When my dad got sick two years after my mom died, I had a good cry, rolled up my sleeves, and got to work. We talked every day on the phone about what he might be able to eat, how much weight he was losing. Sometimes he would tell me about conversations he had had with Father Pirkl, his beloved priest from church, about forgiveness and whether God would consider his choosing an easier chemo regimen a kind of despair (NO).  Once in a while, we mistakenly drifted into politics and had to spend a day or two licking our wounds. It was never more than that … we knew we didn’t have that kind of time.

 

I spent the first half of last year in waiting rooms, exam rooms, infusion rooms. Maybe because I’m an only child, maybe because I spent my childhood and adolescence moving back and forth between my divorced parents’ houses, my hobbies are portable. I would knit or write while my dad retreated into his own thoughts or slept in his chair. Last January, when he was in so much pain that it made him cry, I cried with him. I participated in the last months of his life. I walked him all the way through to the end and I never shrank from any of it.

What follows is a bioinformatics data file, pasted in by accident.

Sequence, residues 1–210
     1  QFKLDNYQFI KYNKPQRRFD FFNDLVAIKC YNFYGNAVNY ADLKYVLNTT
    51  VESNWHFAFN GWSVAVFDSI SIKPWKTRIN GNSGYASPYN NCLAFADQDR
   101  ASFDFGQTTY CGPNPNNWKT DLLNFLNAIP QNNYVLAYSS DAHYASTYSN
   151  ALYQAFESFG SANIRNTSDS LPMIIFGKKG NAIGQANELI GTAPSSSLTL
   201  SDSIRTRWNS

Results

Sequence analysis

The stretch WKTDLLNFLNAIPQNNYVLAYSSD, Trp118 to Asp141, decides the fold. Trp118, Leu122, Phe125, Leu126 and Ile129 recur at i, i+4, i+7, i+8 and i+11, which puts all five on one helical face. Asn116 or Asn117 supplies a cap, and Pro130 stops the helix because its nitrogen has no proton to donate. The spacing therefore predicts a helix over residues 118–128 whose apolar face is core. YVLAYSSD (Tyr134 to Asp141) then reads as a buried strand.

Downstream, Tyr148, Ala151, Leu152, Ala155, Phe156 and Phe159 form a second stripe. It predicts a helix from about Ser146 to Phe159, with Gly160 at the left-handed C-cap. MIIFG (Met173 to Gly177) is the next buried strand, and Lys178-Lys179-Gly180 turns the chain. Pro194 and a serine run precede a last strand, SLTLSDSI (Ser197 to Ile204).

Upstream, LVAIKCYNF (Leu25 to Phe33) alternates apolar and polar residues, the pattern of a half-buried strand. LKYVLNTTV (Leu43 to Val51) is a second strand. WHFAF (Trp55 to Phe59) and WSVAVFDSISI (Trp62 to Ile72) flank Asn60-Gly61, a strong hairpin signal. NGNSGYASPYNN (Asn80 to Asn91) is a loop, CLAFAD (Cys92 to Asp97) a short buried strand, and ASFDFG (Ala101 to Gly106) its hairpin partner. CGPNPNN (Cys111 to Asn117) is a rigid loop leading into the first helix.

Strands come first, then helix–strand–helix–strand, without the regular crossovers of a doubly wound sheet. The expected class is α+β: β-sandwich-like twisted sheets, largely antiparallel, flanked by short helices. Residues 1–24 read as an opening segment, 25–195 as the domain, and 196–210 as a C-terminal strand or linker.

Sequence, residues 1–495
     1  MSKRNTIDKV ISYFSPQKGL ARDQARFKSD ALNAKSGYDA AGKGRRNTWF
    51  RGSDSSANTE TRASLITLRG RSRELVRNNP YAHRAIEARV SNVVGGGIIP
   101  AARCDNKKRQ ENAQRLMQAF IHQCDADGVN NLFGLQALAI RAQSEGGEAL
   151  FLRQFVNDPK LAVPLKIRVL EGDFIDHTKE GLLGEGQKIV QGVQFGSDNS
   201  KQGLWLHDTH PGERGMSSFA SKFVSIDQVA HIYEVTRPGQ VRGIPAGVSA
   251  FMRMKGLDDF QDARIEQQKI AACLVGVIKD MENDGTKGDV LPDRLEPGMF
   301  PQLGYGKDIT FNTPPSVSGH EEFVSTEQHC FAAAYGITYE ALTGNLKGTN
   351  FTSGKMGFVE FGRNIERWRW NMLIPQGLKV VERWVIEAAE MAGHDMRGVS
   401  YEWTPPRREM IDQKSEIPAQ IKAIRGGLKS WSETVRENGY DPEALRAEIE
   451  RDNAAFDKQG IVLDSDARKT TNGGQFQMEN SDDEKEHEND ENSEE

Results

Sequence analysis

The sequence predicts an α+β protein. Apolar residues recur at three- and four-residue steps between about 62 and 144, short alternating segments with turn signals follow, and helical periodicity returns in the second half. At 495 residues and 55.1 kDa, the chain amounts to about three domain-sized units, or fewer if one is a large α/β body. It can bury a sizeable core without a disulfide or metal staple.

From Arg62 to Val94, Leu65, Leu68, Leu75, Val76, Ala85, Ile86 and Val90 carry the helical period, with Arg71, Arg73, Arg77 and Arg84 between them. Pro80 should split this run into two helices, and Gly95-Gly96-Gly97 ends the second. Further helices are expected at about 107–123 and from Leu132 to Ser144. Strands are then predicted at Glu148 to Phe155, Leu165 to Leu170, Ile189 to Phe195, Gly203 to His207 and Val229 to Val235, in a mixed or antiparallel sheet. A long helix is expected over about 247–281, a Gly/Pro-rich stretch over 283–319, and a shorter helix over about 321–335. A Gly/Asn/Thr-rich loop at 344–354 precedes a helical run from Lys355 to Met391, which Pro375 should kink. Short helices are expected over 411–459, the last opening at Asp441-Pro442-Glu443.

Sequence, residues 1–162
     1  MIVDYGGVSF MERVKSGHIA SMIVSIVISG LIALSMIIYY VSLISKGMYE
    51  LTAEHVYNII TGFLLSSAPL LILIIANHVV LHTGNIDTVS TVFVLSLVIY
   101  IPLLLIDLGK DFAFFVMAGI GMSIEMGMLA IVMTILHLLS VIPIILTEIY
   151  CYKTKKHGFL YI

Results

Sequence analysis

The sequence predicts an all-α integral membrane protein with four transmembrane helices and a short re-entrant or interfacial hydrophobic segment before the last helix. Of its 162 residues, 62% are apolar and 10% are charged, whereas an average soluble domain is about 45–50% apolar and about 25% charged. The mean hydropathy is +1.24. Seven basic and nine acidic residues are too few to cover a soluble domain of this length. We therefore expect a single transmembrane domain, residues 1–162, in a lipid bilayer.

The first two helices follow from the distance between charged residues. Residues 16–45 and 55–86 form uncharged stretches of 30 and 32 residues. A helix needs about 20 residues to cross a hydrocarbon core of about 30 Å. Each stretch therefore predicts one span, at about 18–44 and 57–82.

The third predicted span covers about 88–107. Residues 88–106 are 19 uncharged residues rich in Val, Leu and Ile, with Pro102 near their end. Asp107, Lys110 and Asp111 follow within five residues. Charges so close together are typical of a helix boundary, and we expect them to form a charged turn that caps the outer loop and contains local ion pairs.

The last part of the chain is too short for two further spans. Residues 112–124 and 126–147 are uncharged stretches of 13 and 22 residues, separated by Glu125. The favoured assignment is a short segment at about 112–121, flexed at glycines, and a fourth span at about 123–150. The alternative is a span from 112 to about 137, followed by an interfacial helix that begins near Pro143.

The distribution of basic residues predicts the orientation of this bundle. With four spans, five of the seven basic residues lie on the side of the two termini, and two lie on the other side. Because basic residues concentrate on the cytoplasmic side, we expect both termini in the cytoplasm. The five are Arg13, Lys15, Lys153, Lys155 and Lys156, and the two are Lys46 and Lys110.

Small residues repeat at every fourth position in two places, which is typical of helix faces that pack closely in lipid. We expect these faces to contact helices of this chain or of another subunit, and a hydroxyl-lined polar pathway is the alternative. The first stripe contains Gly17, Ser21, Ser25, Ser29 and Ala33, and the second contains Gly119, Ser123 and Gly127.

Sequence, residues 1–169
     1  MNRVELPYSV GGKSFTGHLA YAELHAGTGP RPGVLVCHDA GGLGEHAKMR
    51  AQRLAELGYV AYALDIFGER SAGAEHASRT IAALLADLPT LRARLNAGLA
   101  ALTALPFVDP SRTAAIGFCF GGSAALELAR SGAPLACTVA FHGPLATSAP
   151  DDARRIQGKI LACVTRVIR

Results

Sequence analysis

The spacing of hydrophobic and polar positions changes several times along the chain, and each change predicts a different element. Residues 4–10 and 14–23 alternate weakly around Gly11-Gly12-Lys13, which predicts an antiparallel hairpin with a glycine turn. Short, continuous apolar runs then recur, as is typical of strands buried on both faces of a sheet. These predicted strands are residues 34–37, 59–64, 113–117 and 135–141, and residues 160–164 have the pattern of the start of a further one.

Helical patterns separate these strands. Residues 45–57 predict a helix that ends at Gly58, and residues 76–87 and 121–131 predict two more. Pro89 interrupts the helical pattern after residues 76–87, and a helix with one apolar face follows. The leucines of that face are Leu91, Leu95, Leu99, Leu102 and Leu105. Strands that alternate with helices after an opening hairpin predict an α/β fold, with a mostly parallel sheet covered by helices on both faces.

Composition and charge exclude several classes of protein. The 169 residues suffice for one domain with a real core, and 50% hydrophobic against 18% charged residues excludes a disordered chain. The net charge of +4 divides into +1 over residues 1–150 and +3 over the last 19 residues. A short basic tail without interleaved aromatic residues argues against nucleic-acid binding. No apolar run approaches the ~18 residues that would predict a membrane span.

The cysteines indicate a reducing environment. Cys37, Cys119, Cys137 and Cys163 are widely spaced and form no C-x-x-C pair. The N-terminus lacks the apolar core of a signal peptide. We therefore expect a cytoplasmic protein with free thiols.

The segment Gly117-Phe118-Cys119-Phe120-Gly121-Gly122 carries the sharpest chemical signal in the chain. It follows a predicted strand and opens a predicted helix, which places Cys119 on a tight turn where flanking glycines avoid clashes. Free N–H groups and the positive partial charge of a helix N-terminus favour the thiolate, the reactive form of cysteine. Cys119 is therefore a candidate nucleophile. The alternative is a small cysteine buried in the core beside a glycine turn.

I was in the room when he died, an honor both he and Linda, the love of his life, gave me and a sorrow both my mom and Steve, the love of hers, spared me. I am so grateful to all four of them for the way they departed, for sharing their most vulnerable selves with me. I had four anchors when I got married 18 years ago. One by one, they’ve been pulled and now here I am, trying to start my first year without any of them. It’s so strange, not being anyone’s daughter.

I read this poem aloud at my dad’s burial in the Lonsdale cemetery:

 

In Blackwater Woods
By Mary Oliver

Look, the trees
are turning
their own bodies
into pillars

of light,
are giving off the rich
fragrance of cinnamon
and fulfillment,

the long tapers
of cattails
are bursting and floating away over
the blue shoulders

of the ponds,
and every pond,
no matter what its
name is, is

nameless now.
Every year
everything
I have ever learned

in my lifetime
leads back to this: the fires
and the black river of loss
whose other side

is salvation,
whose meaning
none of us will ever know.